The day after complaining to General Braxton Bragg that he had more guns than crews to man them, Major-General Samuel Jones inquired about getting some more guns for Charleston. By way of his Adjutant, Captain Henry Wemyss Feilden, Jones sent this inquiry to Colonel Josiah Gorgas at the Confederate Ordnance Bureau:
It is extremely probable that the fleet now attacking Mobile under Admiral Farragut may, during the fall, be brought to operate against the fortifications and city of Charleston combined with the fleet now here under the command of Admiral Dahlgren. I am led to this supposition from two reasons: If the enemy fails in his present operations against Mobile, Farragut’s fleet would be uselessly employed in the harbor of that place, now that the Tennessee and others of our vessels are destroyed, three or four monitors and a few light-draught gun-boats will effectually blockade the city of Mobile. If, on the other hand, Mobile falls, Farragut’s fleet would be set at liberty for operations on the eastern coast, and there can be little doubt that Charleston would be the first place assailed. My conviction is that an iron-clad fleet, as numerous as these combined ones would be, could under resolute commander pass between our batteries on Sullivan’s Island and Fort Sumter with more or less loss. If the interior harbor of Charleston was properly armed with guns of heavy caliber I should have no fear of the ultimate result; as it is, our interior defenses are very inadequately armed. In consequence of the enemy’s daily increase of fire on our outworks, I have had from time to time to remove guns from the inner to the outer defenses, and their places have not been refilled. I do sincerely hope you will use every exertion to supply me with more heavy guns. With twenty more 10-inch and rifle guns I believe Charleston could resist any fleet that the Federal Government might send against it; in our present position, I feel deeply apprehensive as to the result of a grand naval attack.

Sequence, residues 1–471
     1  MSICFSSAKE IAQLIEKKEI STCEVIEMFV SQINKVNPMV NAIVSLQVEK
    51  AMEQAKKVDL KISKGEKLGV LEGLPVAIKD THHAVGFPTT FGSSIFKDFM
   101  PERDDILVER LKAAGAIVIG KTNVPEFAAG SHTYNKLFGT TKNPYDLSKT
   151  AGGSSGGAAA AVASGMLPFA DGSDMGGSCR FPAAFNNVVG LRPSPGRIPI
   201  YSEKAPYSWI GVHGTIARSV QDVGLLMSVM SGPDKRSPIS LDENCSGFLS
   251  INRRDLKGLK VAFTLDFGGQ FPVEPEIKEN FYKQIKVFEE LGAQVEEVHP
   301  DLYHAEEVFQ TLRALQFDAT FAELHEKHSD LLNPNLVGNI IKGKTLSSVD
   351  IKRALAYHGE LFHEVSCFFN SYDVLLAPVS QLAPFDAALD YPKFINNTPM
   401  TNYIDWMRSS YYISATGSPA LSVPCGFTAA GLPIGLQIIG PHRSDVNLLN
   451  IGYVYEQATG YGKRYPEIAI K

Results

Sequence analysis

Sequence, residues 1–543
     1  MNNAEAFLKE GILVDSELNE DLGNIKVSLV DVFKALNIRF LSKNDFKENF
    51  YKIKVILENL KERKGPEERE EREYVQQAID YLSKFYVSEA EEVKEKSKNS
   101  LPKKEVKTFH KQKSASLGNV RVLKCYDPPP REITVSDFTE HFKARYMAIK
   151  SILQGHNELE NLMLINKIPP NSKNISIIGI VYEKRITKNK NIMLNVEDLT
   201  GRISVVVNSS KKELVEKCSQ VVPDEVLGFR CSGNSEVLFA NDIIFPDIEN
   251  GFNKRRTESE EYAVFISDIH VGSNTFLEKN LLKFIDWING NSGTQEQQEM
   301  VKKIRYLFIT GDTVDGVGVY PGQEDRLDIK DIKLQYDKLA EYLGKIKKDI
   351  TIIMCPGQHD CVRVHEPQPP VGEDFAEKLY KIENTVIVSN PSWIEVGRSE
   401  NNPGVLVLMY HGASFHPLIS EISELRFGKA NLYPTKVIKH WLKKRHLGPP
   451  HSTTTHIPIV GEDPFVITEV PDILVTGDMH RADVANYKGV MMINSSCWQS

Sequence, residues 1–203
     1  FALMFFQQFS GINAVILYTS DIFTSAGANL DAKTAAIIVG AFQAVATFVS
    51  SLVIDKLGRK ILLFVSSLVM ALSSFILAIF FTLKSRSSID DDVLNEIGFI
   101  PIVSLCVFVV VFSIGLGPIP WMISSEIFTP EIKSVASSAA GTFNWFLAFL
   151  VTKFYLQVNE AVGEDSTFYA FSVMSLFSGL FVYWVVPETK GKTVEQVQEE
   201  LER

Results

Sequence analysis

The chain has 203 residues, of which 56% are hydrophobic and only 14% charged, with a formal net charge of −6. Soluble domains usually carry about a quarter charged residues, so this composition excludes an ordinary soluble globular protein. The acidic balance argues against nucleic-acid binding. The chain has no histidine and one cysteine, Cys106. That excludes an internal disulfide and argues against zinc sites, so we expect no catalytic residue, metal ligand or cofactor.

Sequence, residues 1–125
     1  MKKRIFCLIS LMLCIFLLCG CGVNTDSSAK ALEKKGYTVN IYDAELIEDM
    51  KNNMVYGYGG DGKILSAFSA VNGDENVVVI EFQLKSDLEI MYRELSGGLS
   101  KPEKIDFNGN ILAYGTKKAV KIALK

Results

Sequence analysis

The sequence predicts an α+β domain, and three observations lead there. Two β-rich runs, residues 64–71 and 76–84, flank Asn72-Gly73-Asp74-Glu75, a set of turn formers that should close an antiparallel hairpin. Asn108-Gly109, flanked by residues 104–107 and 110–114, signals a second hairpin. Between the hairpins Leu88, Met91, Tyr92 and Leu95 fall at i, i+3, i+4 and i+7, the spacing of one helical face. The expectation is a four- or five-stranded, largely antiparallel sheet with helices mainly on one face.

If there is any doubt as to the shock felt throughout the Confederacy after Rear-Admiral David G. Farragut ran into Mobile Bay, here is ample evidence. More than just a morale boost to the northern population, “damn the torpedoes” indicated the Federals could force their way into any harbor of the Confederacy if desired. And, as seen at Mobile, once they were in the bay, the only chance to resist the the ironclads was inner harbor defenses (slim though that might be).
During his tenure, General P.G.T. Beauregard constructed an inner ring of defenses for Charleston harbor with just this in mind. Granted, those defenses were weakened in order to bolster areas directly threatened outside Charleston. But more to the point, Beauregard had never gotten the number of guns he felt were needed in the first place. Now Jones asked for just 20 more of those big columbiads or rifles.
Consider that Tredegar cast only nineteen 10-inch Columbiads and twenty-one Brookes (rifled and smoothbore) between January 1864 and the end of the war. On the other hand, Brigadier-General George Ramsay at the Federal Ordnance Department complained that 174 guns – 8-, 10-, and 15-inch Rodmans – delivered in the first half of 1864 was insufficient!
(Citation from OR, Series I, Volume 35, Part II, Serial 66, page 615.)